Journal of Cellular Biochemistry

The Kaposi's sarcoma-associated herpesvirus G protein-coupled receptor: Lessons on dysregulated angiogenesis from a viral oncogene

Authors

  • Bruno C. Jham,

    1. Department of Oncology and Diagnostic Sciences, University of Maryland, Baltimore, Maryland 21201
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  • Silvia Montaner

    Corresponding author
    1. Department of Oncology and Diagnostic Sciences, University of Maryland, Baltimore, Maryland 21201
    2. Greenebaum Cancer Center, University of Maryland, Baltimore, Maryland 21201
    • Department of Oncology and Diagnostic Sciences, University of Maryland, Baltimore, 650 W. Baltimore Street, Room 7263, Baltimore, MD 21201.
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Abstract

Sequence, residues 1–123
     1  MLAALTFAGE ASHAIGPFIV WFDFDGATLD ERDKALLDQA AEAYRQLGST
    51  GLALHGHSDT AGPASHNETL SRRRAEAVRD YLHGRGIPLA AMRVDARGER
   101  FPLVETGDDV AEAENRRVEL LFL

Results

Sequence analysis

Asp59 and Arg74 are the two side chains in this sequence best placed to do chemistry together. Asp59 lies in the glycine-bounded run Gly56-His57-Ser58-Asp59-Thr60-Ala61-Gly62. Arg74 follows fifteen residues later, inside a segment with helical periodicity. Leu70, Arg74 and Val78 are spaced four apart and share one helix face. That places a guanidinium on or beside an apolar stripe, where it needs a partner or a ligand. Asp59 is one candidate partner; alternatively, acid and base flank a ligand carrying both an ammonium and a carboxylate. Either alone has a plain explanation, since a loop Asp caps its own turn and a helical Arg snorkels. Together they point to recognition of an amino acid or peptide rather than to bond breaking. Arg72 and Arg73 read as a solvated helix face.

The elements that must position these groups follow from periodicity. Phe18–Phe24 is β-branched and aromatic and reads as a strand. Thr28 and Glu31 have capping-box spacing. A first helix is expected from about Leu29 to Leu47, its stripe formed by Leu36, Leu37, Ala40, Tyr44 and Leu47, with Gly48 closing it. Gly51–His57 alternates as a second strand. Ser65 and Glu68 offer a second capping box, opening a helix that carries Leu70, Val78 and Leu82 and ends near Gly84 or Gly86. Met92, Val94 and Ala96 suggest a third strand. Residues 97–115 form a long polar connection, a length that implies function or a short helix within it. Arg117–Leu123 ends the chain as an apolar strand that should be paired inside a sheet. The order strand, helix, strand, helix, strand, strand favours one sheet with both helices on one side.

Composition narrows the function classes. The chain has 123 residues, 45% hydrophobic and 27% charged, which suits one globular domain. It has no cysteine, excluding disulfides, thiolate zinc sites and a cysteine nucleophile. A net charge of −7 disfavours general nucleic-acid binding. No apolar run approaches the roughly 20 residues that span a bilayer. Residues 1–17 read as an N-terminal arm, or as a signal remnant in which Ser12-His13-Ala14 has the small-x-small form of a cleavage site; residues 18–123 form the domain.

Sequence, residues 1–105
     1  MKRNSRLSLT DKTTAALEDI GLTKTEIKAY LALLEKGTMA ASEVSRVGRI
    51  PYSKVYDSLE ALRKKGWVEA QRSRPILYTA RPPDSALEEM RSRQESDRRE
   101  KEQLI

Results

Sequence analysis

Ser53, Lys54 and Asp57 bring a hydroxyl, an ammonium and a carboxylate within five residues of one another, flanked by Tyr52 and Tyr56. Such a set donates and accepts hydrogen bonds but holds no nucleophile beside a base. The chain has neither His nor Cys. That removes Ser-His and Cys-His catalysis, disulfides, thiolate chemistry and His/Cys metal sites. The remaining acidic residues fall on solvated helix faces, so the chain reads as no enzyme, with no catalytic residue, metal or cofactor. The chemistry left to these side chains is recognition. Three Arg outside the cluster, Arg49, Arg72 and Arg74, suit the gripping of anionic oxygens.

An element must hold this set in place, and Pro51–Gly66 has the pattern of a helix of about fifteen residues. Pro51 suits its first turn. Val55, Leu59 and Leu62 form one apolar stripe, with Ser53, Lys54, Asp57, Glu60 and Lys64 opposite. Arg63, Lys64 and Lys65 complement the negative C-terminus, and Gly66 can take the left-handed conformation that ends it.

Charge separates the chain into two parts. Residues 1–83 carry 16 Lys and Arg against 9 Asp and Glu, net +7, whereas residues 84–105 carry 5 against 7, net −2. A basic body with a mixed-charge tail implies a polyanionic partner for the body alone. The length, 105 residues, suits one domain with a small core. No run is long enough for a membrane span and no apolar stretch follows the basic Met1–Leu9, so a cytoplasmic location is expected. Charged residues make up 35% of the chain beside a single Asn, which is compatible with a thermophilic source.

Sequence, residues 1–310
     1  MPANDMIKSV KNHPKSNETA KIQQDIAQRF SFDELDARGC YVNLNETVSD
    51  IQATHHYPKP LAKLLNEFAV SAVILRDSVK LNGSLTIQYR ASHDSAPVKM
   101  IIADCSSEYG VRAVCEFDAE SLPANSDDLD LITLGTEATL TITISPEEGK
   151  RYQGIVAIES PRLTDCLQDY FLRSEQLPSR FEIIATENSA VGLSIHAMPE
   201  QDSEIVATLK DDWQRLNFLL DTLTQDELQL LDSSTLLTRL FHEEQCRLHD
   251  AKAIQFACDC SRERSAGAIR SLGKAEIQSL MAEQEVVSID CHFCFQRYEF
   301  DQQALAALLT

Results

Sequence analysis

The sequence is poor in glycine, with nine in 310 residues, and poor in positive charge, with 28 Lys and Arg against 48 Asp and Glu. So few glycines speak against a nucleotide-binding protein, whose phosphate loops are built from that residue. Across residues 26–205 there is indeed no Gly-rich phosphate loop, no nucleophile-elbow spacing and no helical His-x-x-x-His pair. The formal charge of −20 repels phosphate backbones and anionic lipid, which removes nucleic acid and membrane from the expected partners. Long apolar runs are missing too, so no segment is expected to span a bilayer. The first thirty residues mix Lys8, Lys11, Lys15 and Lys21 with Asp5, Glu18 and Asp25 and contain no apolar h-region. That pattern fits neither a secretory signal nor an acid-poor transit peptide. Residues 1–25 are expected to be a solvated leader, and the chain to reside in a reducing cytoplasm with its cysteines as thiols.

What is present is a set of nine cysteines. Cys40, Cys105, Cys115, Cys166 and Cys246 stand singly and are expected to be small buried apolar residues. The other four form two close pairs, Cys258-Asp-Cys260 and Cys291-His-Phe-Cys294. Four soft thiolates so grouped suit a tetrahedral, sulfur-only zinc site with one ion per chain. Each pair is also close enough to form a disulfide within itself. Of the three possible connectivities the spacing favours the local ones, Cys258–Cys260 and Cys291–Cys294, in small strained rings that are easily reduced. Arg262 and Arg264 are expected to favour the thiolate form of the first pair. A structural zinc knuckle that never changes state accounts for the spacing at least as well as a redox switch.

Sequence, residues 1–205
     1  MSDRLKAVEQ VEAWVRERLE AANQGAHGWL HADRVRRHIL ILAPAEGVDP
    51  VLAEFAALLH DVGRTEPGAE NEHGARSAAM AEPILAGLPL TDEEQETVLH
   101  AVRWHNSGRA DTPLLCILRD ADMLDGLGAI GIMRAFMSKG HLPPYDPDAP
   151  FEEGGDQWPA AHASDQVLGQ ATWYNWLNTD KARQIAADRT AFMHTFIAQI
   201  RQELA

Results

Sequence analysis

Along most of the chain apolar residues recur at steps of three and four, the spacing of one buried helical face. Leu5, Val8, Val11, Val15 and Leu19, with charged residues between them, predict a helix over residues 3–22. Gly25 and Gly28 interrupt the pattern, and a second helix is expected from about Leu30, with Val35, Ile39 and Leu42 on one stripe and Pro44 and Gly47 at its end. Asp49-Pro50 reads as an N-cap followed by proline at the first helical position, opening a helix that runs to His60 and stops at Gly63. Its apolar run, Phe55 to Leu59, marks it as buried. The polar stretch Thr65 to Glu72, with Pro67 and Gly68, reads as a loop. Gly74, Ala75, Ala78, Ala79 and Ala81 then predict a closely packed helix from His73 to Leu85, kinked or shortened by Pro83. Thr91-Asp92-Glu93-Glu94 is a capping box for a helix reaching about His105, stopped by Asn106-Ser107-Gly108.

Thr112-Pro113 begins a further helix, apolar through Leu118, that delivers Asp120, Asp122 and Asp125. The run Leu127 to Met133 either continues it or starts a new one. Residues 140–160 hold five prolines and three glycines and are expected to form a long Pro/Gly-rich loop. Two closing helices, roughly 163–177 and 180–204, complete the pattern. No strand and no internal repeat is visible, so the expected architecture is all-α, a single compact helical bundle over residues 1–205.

Tumor viruses can induce cell transformation by overcoming cellular defense mechanisms and promoting the ungoverned proliferation of infected cells. To this end, functionally related viral oncogenes have evolved in disparate viruses to over-ride key proliferative and survival intracellular pathways, thus assuring efficient viral replication and contributing to tumor formation. Indeed, the study of viral oncogenes has been a powerful tool for disclosing fundamental insights into these basic cellular processes. In this regard, the Kaposi's sarcoma-associated herpesvirus (KSHV or HHV8), the etiological agent of Kaposi's sarcoma (KS), is an exemplary model of an oncogenic virus that includes within its genome several homologues of cellular genes implicated in the regulation of cell proliferation and apoptosis. However, emerging evidence now points to a single KSHV gene, ORF74, encoding for the viral G protein-coupled receptor (vGPCR), as essential for KS development. Expressed in only a fraction of cells within KS lesions, this viral receptor induces tumorigenesis through both autocrine and paracrine mechanisms. Indeed, work from several laboratories has demonstrated that vGPCR can promote cell proliferation, enhance cell survival, modulate cell migration, stimulate angiogenesis, and recruit inflammatory cells, both in expressing cells, as well as in neighboring (bystander) cells. Examination of this powerful viral oncogene may expose novel targets for the treatment of patients with KS and could ultimately provide a unique perspective into how GPCRs, and specifically chemokine receptors, contribute to angiogenesis and tumorigenesis. J. Cell. Biochem. 110: 1–9, 2010. © 2010 Wiley-Liss, Inc.

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